Since the order of the morning to you, directing you  to come with four hundred mounted men, to be raised  within your Division, I have received, by Amos Rees

2 Dec. 1800–29 Jan. 1886. Lawyer. Born in Winchester, Frederick Co., Virginia. Moved to Clay Co., Missouri, by 1830. Married Judith B. Trigg, 15 July 1830, in Liberty, Clay Co. Prosecuting attorney for Clay Co., 1831–1834. Prosecuting attorney for Missouri...

View Full Bio
,  Esq., and Wiley C. Williams, Esq., one of my aids, in formation of the most appalling character, which changes  entirely the face of things, and places the Mormons in  the attitude of an avowed defiance of the laws, and of  having made war upon the people of this State

Area acquired by U.S. in Louisiana Purchase, 1803, and established as territory, 1812. Missouri Compromise, 1820, admitted Missouri as slave state, 1821. Population in 1830 about 140,000; in 1836 about 240,000; and in 1840 about 380,000. Mormon missionaries...

More Info
. Your  orders are therefore, to hasten your operations and en deavor to reach Richmond

Area settled, ca. 1814. Officially platted as Ray Co. seat, 1827. Population in 1840 about 500. Seat of Fifth Judicial Circuit Court of Missouri; also location of courthouse and jails. JS and about sixty other Mormon men were incarcerated here while awaiting...

More Info
in Ray County, with all possi ble speed. The Mormons must be treated as enemies  and must be exterminated, or driven from the State

Area acquired by U.S. in Louisiana Purchase, 1803, and established as territory, 1812. Missouri Compromise, 1820, admitted Missouri as slave state, 1821. Population in 1830 about 140,000; in 1836 about 240,000; and in 1840 about 380,000. Mormon missionaries...

More Info
, if  necessary for the public peace.
Their outrages, are beyond all description. If you can  increase your force, you are authorized to do so, to any  extent you may think necessary. I have just issued orders  to Major General Wollock of Marion County, to raise five  hundred men, and to march them to the northern part of  Daviess County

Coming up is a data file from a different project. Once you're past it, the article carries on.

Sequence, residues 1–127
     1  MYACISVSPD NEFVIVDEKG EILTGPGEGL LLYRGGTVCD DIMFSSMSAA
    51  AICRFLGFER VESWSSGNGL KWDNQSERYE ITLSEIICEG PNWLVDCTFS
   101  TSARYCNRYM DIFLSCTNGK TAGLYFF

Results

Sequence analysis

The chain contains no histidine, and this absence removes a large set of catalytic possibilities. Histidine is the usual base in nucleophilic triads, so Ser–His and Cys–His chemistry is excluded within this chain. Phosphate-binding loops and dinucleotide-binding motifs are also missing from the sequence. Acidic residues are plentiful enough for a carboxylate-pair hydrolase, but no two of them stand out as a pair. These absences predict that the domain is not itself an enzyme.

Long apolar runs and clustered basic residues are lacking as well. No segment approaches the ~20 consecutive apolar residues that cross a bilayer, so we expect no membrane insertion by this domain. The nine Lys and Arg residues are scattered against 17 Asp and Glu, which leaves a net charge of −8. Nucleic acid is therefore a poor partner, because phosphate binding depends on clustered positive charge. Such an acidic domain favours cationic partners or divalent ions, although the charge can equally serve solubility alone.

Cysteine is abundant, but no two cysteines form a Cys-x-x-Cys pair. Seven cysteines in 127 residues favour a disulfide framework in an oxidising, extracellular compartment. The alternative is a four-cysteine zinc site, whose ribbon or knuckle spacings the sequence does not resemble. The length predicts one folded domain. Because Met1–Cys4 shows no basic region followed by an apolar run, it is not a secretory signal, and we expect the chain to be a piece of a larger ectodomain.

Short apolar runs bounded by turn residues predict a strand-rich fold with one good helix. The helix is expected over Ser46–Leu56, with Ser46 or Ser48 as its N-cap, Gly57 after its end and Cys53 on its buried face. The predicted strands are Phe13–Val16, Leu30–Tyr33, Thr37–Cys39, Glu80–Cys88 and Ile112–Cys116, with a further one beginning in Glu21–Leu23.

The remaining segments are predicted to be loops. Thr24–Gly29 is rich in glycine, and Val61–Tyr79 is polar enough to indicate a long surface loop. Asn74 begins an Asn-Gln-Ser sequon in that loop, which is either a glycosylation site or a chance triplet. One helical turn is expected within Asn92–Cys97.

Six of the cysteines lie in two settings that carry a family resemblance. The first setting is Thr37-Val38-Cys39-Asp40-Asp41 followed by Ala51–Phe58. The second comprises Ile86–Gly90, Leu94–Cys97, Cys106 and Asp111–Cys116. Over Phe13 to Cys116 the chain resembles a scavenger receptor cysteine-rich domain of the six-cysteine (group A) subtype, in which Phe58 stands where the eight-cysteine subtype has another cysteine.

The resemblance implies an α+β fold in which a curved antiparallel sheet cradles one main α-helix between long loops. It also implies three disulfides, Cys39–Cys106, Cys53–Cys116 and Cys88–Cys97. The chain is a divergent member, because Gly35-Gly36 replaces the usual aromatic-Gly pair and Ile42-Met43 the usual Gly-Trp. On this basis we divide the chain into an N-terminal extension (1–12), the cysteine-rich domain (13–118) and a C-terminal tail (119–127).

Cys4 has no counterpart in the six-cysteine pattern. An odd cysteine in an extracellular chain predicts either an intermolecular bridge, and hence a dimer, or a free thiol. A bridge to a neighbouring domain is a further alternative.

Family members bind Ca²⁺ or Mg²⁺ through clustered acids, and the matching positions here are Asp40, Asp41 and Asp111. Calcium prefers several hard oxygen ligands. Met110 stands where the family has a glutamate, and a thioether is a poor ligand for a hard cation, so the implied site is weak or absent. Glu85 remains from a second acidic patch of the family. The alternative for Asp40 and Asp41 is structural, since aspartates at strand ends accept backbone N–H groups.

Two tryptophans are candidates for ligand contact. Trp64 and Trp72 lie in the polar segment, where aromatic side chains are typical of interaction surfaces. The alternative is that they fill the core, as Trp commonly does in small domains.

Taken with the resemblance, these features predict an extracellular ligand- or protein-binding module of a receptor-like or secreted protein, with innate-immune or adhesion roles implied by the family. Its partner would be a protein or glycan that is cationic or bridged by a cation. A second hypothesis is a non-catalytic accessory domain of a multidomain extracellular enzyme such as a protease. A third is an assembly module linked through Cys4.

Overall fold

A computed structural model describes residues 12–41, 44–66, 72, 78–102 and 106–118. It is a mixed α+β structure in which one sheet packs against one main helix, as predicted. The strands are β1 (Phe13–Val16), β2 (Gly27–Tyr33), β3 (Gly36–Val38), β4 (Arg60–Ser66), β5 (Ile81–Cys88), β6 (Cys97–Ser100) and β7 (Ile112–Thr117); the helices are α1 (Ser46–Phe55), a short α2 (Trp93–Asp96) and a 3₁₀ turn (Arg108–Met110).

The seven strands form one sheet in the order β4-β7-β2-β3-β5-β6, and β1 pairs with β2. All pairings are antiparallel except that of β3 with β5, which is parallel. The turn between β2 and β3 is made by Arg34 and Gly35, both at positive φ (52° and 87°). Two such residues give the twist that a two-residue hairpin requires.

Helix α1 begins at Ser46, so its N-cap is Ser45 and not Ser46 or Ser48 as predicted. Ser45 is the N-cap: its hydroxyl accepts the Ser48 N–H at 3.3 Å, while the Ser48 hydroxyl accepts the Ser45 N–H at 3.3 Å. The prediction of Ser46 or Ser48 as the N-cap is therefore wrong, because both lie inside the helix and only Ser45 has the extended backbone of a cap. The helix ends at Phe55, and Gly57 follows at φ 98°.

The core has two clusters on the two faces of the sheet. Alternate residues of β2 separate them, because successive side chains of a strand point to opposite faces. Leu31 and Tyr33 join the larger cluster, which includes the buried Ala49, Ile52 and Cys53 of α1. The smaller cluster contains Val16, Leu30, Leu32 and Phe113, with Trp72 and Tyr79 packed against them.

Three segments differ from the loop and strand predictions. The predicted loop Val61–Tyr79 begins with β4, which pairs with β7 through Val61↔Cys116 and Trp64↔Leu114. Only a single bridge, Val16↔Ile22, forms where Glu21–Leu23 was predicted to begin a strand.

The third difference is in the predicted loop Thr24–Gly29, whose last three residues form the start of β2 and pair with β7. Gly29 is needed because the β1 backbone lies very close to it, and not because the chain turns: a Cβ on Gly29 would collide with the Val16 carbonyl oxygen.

Area in northwest Missouri settled by European Americans, 1830. Sparsely inhabited until 1838. Created from Ray Co., Dec. 1836, in attempt to resolve conflicts related to Mormon settlement in that region. County is transected diagonally from northwest to ...

More Info
and there to unite with Gen. Doniphan

9 July 1808–8 Aug. 1887. Lawyer, military general, insurance/bank executive. Born near Maysville, Mason Co., Kentucky. Son of Joseph Doniphan and Ann Smith. Father died, 1813; sent to live with older brother George, 1815, in Augusta, Bracken Co., Kentucky...

View Full Bio
of [p. 47]
PreviousNext
Sidney Rigdon

19 Feb. 1793–14 July 1876. Tanner, farmer, minister. Born at St. Clair, Allegheny Co., Pennsylvania. Son of William Rigdon and Nancy Gallaher. Joined United Baptists, ca. 1818. Preached at Warren, Trumbull Co., Ohio, and vicinity, 1819–1821. Married Phebe...

View Full Bio
, An Appeal to the American People: Being an Account of the Persecutions of the Church of Latter Day Saints; and of the Barbarities Inflicted on Them by the Inhabitants of the State of Missouri; 1–84 pp.; Cincinnati, OH: Glezen and Shepard, stereotypers and printers, 1840. The copy used herein is held at Beinecke Rare Book and Manuscript Library, Yale University.

Facts